Plant Health Problems
Diseases caused by Fungi:
Leaf spot, Cercospora beticola.
Small, circular, tan spots appear scattered over the leaves. The spots have a purple border. This fungus disease is also found on chard and mangels.
Since the disease can be carried in the seed, the use of fungicide-treated seed may be beneficial.
Diseases caused by Bacteria:
Scab, Streptomyces scabies.
Scab is caused by a soilborne bacterium that infects the roots causing corky spots. Yield is rarely reduced but damaged roots may become unmarketable. Scab usually appears in heavily-limed soils. See Potato and Common Scab for a more detailed discussion of this disease.
The bean aphid and the green peach aphid feed on beets. See Aphid fact sheet.
Blister beetles. Family Meloidae.
Several species of large, active, slender, soft-bodied beetles may occasionally feed on the greens. They are usually dark colored and may have thin white lines on their wingcovers. The larvae live in the soil where they feed entirely upon grasshopper eggs. Control is not usually necessary.
Several species of flea beetles including the potato flea beetle, Epitrix cucumeris, the palestriped flea beetle, Systena blanda, the redheaded flea beetle, Systena frontalis, and the smartweed flea beetle, Systena hudsonias, may feed on beets. Young plants may be damaged though older plants show no injury to the feeding. Control measures are rarely necessary. See Flea beetle fact sheet.
Garden springtail, Bourletiella hortensis.
Tiny yellow-spotted purple insects eat holes in the leaves of seedlings. These insects have no wings but are equipped with forked, tail-like appendages by means of which they project themselves into the air. They are usually found only on small plants near the surface of the soil. Control is not usually necessary.
Spinach leaf miner, Pegomya hyoscyami.
This leaf miner feeds on beets and spinach, but unless the beets are being grown for their greens, control is not usually necessary. It also infests chard and several common weeds, including nightshade, chickweed, plantain, and especially lambsquarters. There are three or four generations each season and the insect winters in the soil in the pupal stage. The adult is a gray fly about 1/4" long. It emerges in April or May and lays white cylindrical, netted eggs in clusters of from two to five on the underside of a leaf. They hatch in 4 to 6 days and the young maggots enter the tissue of the leaf where they make first thread-like mines, and then blotch mines, which may eventually involve the entire leaf. If food becomes exhausted, they migrate to other leaves. The larva, about 1/3" long, matures in a period that varies from 7 to 16 days. It then descends 2 or 3" into the soil and pupates, the flies emerging 14 to 25 days later.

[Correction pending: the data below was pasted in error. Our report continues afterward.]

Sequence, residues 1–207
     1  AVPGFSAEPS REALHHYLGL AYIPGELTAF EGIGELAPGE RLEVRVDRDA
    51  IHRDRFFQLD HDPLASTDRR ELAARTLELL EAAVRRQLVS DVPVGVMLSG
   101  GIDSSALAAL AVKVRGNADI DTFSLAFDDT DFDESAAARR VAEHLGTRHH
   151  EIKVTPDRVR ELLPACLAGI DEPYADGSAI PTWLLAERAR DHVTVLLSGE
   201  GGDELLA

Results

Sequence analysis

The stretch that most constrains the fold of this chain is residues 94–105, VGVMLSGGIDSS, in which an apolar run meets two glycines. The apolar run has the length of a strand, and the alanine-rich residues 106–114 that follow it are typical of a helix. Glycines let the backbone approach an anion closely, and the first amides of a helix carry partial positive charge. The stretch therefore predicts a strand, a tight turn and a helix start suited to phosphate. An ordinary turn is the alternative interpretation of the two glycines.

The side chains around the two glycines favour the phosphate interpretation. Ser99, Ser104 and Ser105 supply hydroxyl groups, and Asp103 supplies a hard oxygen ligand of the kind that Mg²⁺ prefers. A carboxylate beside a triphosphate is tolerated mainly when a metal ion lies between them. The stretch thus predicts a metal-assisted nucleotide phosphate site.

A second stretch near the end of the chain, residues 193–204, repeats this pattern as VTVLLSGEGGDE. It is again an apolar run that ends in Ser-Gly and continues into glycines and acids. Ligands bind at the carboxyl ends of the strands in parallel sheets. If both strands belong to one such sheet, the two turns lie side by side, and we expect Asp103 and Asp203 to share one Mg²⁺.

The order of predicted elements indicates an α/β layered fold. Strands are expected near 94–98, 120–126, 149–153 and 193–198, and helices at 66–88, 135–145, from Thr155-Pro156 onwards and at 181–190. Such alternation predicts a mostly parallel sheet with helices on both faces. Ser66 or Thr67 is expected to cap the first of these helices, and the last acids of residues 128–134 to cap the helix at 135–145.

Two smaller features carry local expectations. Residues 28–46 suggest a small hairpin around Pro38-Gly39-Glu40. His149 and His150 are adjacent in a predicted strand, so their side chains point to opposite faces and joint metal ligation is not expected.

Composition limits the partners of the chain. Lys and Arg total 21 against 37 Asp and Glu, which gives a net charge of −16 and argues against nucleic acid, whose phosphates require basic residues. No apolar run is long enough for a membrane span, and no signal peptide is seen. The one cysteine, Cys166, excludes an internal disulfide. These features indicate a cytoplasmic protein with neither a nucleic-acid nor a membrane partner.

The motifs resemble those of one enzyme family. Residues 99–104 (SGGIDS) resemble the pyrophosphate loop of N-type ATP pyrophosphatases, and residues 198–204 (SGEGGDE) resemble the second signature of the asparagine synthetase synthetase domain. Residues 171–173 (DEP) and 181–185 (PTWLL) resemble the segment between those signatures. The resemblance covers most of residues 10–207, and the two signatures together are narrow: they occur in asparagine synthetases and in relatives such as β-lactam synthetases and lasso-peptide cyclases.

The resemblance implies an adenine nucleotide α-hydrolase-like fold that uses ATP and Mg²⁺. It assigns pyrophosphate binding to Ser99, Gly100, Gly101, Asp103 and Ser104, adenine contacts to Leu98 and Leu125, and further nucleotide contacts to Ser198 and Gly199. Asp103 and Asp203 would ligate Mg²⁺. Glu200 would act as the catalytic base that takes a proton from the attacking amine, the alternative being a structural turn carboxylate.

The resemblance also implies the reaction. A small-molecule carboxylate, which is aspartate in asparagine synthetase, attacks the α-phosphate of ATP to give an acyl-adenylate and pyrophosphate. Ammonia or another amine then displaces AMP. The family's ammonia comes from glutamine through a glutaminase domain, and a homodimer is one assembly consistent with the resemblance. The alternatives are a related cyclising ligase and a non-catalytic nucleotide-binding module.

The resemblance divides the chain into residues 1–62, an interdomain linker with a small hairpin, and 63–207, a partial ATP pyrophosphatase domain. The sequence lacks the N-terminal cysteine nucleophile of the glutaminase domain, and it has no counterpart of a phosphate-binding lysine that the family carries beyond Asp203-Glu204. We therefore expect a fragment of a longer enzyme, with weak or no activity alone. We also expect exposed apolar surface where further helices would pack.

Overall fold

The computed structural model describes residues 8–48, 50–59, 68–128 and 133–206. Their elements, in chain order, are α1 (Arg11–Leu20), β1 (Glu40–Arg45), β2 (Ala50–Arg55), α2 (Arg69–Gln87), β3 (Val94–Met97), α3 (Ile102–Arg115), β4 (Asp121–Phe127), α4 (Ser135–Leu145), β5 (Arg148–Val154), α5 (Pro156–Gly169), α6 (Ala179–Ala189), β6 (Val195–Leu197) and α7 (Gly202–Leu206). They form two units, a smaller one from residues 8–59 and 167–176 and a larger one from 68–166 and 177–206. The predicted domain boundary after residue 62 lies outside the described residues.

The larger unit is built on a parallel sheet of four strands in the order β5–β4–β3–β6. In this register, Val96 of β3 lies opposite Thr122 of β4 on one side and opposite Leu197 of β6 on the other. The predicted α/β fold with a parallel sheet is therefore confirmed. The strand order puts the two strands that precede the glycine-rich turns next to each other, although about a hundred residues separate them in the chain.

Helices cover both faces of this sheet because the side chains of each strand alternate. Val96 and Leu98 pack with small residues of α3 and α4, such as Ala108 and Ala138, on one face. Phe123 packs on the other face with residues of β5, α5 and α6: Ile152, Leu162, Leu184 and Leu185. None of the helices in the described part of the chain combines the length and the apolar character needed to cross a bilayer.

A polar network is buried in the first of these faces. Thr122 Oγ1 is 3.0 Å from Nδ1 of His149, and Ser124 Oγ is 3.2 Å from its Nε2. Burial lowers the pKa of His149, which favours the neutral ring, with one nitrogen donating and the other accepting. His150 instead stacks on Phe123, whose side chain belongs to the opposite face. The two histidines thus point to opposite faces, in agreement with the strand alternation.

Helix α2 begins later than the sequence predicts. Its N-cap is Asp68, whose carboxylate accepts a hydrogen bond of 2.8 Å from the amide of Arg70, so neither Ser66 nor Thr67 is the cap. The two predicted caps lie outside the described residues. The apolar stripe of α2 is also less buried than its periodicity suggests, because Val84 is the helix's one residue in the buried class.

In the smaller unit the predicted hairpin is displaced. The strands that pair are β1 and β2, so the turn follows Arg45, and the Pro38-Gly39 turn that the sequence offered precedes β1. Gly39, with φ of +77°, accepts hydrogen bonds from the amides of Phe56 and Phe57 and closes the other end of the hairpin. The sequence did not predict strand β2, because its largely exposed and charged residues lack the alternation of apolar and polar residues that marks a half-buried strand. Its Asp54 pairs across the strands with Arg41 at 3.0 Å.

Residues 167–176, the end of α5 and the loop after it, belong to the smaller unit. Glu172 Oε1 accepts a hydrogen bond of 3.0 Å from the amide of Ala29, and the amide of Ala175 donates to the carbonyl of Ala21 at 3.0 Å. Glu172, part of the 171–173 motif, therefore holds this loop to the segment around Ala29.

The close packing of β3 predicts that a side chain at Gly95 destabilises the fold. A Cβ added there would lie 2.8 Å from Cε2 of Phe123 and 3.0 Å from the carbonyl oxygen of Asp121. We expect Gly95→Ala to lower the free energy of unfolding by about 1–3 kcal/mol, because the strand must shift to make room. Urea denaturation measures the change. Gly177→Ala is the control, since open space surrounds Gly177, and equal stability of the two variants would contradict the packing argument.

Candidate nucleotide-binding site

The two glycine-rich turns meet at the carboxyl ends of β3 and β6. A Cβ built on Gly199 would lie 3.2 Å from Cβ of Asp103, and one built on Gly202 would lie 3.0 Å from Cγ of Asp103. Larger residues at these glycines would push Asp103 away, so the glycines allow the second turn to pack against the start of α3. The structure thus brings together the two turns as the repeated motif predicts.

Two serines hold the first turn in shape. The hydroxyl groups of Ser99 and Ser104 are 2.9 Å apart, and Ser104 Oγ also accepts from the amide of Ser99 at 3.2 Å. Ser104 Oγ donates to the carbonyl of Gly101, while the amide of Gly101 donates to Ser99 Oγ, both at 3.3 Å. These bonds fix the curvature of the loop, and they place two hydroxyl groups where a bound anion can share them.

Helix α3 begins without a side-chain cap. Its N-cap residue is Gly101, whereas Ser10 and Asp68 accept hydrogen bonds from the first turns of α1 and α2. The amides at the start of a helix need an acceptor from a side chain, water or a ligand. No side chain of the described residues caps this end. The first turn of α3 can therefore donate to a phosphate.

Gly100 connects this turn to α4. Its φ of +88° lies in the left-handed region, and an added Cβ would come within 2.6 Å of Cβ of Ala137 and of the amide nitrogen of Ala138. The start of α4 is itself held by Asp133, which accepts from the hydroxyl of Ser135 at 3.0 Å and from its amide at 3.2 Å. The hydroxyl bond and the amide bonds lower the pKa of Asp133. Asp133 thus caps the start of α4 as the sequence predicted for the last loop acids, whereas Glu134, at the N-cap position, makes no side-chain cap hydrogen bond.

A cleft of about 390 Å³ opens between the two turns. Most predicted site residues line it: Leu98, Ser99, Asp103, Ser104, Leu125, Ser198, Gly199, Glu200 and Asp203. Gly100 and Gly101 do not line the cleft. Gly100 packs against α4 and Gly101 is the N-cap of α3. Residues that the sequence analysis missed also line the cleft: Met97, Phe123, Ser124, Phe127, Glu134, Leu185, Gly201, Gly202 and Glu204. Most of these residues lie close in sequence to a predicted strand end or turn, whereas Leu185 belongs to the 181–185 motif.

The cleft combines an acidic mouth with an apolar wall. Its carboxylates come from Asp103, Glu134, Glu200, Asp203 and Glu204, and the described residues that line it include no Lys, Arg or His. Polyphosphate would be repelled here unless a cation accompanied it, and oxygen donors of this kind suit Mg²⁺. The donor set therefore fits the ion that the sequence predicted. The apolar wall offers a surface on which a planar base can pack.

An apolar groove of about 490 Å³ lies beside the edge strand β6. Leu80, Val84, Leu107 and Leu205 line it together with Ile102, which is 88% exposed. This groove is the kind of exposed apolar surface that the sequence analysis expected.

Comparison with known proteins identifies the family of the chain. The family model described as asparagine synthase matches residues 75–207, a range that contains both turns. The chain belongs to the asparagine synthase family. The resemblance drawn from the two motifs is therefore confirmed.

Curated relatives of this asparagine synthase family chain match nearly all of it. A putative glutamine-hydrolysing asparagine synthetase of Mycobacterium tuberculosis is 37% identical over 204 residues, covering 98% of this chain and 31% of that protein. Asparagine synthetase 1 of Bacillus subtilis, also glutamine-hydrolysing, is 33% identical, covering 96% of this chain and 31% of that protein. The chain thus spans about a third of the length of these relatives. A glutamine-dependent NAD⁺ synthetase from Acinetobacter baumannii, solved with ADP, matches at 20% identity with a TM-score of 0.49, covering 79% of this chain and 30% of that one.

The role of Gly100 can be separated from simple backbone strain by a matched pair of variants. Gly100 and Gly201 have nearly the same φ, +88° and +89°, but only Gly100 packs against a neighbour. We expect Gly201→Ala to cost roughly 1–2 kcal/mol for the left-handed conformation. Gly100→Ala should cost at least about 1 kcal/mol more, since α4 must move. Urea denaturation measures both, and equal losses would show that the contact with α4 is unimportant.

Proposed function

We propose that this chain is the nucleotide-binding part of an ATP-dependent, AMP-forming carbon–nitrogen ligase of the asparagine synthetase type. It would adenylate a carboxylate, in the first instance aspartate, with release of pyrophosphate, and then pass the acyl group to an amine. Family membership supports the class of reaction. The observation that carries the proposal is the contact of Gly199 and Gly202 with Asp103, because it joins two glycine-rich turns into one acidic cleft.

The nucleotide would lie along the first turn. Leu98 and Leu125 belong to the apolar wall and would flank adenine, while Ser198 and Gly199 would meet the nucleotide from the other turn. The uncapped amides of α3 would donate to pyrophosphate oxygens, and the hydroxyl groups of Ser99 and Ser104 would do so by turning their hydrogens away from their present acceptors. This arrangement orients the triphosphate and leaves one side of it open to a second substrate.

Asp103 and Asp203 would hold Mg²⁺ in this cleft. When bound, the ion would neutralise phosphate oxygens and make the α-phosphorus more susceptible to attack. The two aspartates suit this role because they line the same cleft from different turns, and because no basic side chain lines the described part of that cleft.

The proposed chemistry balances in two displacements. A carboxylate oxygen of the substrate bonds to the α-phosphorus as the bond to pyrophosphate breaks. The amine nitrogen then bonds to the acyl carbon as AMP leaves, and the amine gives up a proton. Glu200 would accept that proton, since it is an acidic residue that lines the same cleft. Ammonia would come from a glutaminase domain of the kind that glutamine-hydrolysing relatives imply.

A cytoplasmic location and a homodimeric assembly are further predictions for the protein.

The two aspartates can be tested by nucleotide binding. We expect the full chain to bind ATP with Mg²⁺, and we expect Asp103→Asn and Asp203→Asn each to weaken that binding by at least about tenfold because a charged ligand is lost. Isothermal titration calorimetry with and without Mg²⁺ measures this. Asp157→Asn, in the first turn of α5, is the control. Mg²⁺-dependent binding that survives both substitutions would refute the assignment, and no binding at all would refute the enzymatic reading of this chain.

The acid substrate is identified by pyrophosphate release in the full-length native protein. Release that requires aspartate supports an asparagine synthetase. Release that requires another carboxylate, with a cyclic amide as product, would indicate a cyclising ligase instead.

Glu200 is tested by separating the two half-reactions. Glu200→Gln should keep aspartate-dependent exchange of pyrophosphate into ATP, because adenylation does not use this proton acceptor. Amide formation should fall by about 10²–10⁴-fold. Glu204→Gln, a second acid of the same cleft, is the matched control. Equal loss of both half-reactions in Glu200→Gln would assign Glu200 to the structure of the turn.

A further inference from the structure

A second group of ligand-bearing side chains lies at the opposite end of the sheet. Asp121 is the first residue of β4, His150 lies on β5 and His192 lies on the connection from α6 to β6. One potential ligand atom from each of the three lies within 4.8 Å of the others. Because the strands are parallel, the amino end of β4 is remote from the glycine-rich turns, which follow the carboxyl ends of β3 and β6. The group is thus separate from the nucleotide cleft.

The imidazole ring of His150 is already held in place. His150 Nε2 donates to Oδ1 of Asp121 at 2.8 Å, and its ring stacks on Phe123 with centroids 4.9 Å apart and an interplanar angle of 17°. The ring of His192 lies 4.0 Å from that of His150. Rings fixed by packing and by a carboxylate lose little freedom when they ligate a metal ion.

Row covers can be used to keep the flies away from the plants, but the area planted must have been free of both cultivated and weed hosts in the previous year. Deep spring plowing can destroy overwintering leafminer pupae. The gardener can find and crush the eggs on the leaf and remove leaves with mines and destroy them. Malathion is among the compounds registered for control of this pest in Connecticut. Chemical control must be directed to control adults, since once the larvae are inside the leaf, this insecticide will not reach them. Consult the label for dosage rates, safety precautions, and observe the long required interval from application to when the spinach may be harvested.